Sunday came but no black out. So she did not go to the park. The news that night reported a break-up of a terrorist cell. One of the pictures of the terrorist was the man with whom she had communicated. This at first had terrified her but she rationalized that if they had not come for her yet., they were not going to.
But now she knew that there were people out there resisting Lifebook. She must find out how to contact them. She played the report on the terrorist over and over looking for some kind of clue to where she might find other ‘terrorist’. She finally found it. In the pictures of the arrest there was a bookbag which she suddenly realized was a pictogram of sorts. It showed another possible place to meet. But she knew you could not go there until there was a Lifebook blackout. Otherwise, she would be discovered. The place was a statue in a city park.
Now she would have to wait and hope the blackout would come. Two months went by and no blackout. She knew there must be another way. Maybe she would have to make it. She began to research on LIfebooks persons who may be allies. She was on Lifebooks day and night. Searching for the right people to contact. Interestingly enough her own watchership [viewership?] went down. People bored quickly over her constant looking at Lifebooks and moved on. She was doing nothing of interest.
Months later when she felt as though there could be no one left to discover she quit. But now she had to be careful in her next move. She also realized the less activity the less watchers. With less watchers she had less chance of being caught. Her parents had become worried about her obsession with Lifebooks. Especially since now it seemed to replace many of her other activities.
She had even lost some of her friends in her search. It had been as though she had disappeared from the Earth. The first few contacts with her chosen few did not go well. She spent the next moths approaching the individuals she had marked and gathering firsthand information about them. In the end she did not think they would be the right type. During this time as she became more active her watchers picked back up.
It was at this time the sad realization came to her to escape Lifebooks and its watchers she must become totally immersed in Lifebooks. She began to calculate which were the activities that would bore her watchers. Her goal was to lose all of her watchers. What if what she did was so mind numbing boring that the watchers left. Then with no watchers could she take that moment to disappear from sight.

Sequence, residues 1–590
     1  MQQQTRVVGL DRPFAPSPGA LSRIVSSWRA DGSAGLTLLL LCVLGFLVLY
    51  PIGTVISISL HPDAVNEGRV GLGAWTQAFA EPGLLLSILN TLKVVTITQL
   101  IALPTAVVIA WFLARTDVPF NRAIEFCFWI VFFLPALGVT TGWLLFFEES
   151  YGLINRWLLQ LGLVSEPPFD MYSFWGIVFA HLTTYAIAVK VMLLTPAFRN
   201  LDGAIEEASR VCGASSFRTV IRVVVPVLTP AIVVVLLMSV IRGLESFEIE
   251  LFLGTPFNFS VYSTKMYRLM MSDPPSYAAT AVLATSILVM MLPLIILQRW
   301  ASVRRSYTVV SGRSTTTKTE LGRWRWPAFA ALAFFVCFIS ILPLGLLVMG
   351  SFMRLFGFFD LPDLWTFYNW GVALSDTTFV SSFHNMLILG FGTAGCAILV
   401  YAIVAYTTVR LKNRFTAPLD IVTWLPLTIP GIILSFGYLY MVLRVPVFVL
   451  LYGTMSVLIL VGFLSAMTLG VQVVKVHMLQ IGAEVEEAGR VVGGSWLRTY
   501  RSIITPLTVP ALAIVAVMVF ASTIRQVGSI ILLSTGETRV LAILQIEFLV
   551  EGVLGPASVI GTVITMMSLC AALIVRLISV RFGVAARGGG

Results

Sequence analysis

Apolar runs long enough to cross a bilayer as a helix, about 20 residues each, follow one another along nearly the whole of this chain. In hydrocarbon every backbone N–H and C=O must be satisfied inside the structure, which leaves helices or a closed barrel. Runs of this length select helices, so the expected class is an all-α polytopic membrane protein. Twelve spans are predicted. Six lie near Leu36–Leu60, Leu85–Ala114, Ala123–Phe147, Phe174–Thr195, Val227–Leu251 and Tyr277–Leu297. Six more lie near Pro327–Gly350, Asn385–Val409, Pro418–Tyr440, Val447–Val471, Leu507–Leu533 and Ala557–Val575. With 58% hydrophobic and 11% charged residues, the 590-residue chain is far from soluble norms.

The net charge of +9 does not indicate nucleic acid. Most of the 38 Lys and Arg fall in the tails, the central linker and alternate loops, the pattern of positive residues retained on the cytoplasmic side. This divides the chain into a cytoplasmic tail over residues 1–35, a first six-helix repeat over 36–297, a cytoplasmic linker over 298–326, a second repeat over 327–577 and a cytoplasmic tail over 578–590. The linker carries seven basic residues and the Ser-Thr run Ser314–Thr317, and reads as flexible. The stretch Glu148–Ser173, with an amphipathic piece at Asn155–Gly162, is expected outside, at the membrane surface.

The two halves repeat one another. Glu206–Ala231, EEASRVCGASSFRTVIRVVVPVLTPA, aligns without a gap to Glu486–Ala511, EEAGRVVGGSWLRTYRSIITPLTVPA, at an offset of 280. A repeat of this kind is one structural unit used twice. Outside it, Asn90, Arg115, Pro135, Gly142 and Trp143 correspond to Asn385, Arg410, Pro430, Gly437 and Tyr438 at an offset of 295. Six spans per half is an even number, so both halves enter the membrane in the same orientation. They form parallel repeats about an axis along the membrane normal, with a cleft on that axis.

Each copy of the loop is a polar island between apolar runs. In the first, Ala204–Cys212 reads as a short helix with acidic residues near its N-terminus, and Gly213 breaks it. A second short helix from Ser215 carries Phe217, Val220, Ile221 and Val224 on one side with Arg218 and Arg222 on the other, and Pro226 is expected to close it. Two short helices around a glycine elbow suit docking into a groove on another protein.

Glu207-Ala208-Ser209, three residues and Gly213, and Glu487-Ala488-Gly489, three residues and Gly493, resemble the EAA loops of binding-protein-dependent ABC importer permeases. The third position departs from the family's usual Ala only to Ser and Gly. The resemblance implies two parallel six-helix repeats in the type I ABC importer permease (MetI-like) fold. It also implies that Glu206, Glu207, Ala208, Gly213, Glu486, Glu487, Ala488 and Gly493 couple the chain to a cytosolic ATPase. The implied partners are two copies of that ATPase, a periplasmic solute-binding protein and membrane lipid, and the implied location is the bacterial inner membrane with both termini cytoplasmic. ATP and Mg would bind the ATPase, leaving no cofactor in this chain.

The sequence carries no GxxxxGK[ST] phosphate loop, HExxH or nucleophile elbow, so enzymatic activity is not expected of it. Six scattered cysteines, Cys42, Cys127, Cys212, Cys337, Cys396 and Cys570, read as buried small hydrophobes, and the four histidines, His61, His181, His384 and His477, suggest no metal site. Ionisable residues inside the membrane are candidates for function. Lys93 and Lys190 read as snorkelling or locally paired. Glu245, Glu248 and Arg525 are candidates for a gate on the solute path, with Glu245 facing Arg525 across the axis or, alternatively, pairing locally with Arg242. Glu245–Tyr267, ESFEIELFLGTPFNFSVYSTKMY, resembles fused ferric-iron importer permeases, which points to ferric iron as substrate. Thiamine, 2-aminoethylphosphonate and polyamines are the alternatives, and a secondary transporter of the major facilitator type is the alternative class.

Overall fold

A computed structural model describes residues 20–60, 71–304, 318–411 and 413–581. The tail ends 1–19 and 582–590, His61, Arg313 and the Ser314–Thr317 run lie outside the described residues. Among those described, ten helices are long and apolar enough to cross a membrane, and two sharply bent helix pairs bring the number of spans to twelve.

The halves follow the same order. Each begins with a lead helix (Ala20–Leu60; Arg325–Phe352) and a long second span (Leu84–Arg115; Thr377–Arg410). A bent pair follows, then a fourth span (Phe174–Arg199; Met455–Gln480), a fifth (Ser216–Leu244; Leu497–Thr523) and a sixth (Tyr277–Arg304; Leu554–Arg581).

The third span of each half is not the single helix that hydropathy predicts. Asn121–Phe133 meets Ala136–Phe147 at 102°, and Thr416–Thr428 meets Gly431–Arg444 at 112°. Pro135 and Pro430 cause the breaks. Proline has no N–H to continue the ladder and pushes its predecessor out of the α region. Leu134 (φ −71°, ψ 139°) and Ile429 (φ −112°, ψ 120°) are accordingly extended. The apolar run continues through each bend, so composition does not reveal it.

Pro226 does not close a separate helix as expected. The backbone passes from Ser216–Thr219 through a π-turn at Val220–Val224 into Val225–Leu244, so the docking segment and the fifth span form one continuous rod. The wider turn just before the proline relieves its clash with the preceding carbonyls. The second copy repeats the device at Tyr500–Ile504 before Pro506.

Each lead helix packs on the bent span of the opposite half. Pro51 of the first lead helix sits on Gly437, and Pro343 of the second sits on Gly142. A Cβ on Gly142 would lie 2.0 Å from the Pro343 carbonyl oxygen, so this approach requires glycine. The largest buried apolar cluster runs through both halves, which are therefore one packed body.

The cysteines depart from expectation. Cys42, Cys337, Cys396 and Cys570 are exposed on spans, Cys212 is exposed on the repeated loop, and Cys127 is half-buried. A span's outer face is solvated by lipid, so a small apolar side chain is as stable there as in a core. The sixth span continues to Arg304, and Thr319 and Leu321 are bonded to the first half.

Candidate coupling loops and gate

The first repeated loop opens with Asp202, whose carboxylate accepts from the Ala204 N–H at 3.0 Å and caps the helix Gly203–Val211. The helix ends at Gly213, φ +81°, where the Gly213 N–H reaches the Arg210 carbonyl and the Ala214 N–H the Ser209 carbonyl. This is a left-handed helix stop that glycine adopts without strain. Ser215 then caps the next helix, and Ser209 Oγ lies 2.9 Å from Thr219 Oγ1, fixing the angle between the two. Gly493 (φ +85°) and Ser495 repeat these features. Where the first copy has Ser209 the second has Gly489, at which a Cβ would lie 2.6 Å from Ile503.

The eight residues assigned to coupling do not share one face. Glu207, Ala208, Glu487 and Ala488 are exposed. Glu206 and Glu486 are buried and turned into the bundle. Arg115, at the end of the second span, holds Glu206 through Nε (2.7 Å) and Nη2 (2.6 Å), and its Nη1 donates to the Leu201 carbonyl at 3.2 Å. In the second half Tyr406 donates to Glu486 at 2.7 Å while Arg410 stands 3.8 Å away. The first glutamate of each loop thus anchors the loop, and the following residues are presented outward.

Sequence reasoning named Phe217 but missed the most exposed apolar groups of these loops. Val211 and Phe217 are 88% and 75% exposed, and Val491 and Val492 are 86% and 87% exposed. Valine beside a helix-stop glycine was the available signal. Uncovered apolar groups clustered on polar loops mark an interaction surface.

She started. She fasted. She pushed buttons on her computer. She never talked. She just existed. She never left the house. Watchers left by the droves but something strange happened after a year. The watchers that were left became fascinated if she would ever do anything of import. So they tuned in to see if she would finally speak. She became a cult hero.
Her following grew. Imitators started throughout the nation. Her cult following became so big that the government became concerned. They were no longer concerned about what she might do but now were fixated on what she was not doing. One quarter of the population were now doing nothing. Another quarter were supporting her followers in their endeavors. They became like the desert monks. They lived outside of society. Society in appreciation began to bring them food so they would not have to leave their rooms and keep up their unending search of Lifebooks. The few times they uttered words were discussed and given all manner of meanings. Every small move made for weeks of interpretive parsing for the nation.
But as all fads this fandom passed. And she was left with her Lifebooks and the watchers again began to leave. Two more years out and she only had a few watchers. Her mother was one, as she tried desperately to understand what her daughter was doing. On the third year and two hundred second day she was left with only her mother as a watcher. She could leave now but they would know her mother was watching and would hold her responsible for Maya’s disappearance. But the secret was to make her mother leave too without any due drama that might create more watchers.
She looked into the camera and said leave. No one knows exactly what she meant by this. Her
mother felt she was being told to not watch. Others felt she was saying to them it was time to leave. And yet others felt she was describing what she was about to do. Her mother did leave. She left undetected never to be found again. But in the dark web of Lifebooks the video of her one word credo inspired many to pick up and leave. No matter how many times the government tried to squash the video it always appeared in another place and another time. It became as ubiquitous as the Andre the Giant graffiti.
Today, everyone studies the tapes of Maya’s life to understand what happened. A new cult bigger than the former started. The one word she would pronounce when she returned was ‘back’. The new cult anxiously waited for the day when she would return and take them away to a land free from Lifebooks. ‘Leave’.
This is the first part of a two part story. The next entry will be Saturday at 10am.
It started with Big Brother the reality TV show. People wanted to watch other people’s lives. Finding no substance in their own lives they thought the watching of other’s lives would somehow explain their own existence. The concept is not without any merit. But the problem with reality shows were that Hollywood decided for you what lives might interest you. Many times these were the more exotic or problematic lives. After all, no one would want to watch the ordinary lives. But people became fascinated with the lives of their friends on Facebook and even followed the daily goings on of each other on Twitter. There seem to be no limit to what people wanted to know about others.